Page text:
1. McGrath, Jacqueline M. PhD, RN, FNAP, FAAN

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The phenomenon of parent presence is a topic of constant discussion among healthcare professionals in the neonatal intensive care unit (NICU). With the advent of family-centered care giving, parent presence has become increasingly supported yet, for the most part frequency and duration of parent presence in the NICU does not appear to be increasing. There are many studies in the literature about parent presence that can be helpful to our discussion of this important topic. In an exemplary study by Brown et al1 with a sample of 65 very low birth weight infants, mothers visited most often. Typically they visited twice a week; with fathers visiting most in the first week of life and less often thereafter. Not surprising, it was also noted that unmarried, younger mothers with little or no insurance or private transportation visited even less often. Although this is not a new study, it is exemplary because the findings are mostly true even today. Moreover, Franck et al2 found that mothers who were more involved in feeding and care giving activities with their infants were more likely to visit and those visits were of longer duration than mothers who did not actively participate in care. In this study, distance from the NICU was also found to be a major contributing factor to the amount of parent presence; overall parents who lived farther from the NICU visited less often.2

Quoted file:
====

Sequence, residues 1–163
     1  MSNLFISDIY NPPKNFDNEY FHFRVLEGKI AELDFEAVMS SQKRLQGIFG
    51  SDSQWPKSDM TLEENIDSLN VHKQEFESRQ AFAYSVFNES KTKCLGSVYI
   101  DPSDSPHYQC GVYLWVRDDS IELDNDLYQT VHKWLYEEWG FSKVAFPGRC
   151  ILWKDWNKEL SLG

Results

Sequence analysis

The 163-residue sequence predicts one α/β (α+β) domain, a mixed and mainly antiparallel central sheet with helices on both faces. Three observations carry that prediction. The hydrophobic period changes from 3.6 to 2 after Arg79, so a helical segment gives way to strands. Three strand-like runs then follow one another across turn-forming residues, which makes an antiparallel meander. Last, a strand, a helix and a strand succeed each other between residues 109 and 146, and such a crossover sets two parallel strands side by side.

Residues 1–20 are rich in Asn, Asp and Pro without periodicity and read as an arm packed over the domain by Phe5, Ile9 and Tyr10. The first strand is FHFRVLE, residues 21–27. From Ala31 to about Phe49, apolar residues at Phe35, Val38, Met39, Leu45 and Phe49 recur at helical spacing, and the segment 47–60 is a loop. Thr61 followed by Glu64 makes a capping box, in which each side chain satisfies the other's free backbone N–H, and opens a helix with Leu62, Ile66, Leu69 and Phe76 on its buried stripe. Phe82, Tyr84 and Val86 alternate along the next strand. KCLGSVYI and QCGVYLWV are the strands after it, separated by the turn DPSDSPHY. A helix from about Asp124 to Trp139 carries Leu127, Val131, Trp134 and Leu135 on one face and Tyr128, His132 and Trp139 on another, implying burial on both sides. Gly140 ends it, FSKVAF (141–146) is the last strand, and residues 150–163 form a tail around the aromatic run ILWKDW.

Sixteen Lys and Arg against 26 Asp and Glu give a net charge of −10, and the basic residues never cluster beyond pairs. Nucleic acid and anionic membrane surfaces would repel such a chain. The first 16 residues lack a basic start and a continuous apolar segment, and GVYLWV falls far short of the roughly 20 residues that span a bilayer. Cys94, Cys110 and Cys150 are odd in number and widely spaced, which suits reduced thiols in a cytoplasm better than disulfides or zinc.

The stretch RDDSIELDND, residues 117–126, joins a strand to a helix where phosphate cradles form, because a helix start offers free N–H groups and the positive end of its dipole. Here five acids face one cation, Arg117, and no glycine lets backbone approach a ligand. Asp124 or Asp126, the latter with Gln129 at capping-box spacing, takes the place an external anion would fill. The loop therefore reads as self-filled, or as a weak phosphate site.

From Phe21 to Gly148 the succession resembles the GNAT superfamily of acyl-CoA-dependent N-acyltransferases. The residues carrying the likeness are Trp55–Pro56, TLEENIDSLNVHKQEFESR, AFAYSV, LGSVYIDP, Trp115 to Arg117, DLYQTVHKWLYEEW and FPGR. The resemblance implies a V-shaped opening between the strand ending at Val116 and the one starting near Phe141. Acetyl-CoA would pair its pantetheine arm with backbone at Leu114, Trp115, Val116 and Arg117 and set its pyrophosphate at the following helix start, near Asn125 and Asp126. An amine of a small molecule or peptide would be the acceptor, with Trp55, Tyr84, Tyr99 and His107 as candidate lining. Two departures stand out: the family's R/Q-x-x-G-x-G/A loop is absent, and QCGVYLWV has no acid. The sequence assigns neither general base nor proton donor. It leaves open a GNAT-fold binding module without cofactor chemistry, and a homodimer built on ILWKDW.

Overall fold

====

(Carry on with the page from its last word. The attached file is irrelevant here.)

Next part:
There are many reasons parents do not visit. Some are not as easily addressed by healthcare professionals such as transportation and childcare for siblings. However, there are several different strategies that healthcare professionals can use to increase parent participation and thus, support family visiting. For example, most NICUs in the United States have 24-hour visiting for parents as a unit policy; yet, in almost every one of these same NICUs have hidden somewhere in tiny print or unwritten policies; times when parents are asked to leave the unit or are unwelcome to visit. Examples include: asking parents to leave at staff shift change; during rounds; during a resuscitation or critical event; or when a specialist visits the child, procedures are performed, or both. When a 24-hour open visiting policy exists, asking parents to leave during these events sends conflicting messages to families about their role in the NICU. For parents, when it seems like the rules are always changing, and different staff enforce or allow different privileges for different parents at different times; it might not seem like the environment of the NICU is truly welcoming to the families. Inconsistent messages lead parents to begin not to trust the NICU environment and they are more likely to feel less and less welcome. Posting or sharing consistently with the families the true visiting times as well as providing sound rationale for why parents can or cannot visit during these times or will be asked to leave is important in sending the message that parent presence is important.3,4 In addition, what we say to families about their presence and participation is also important.5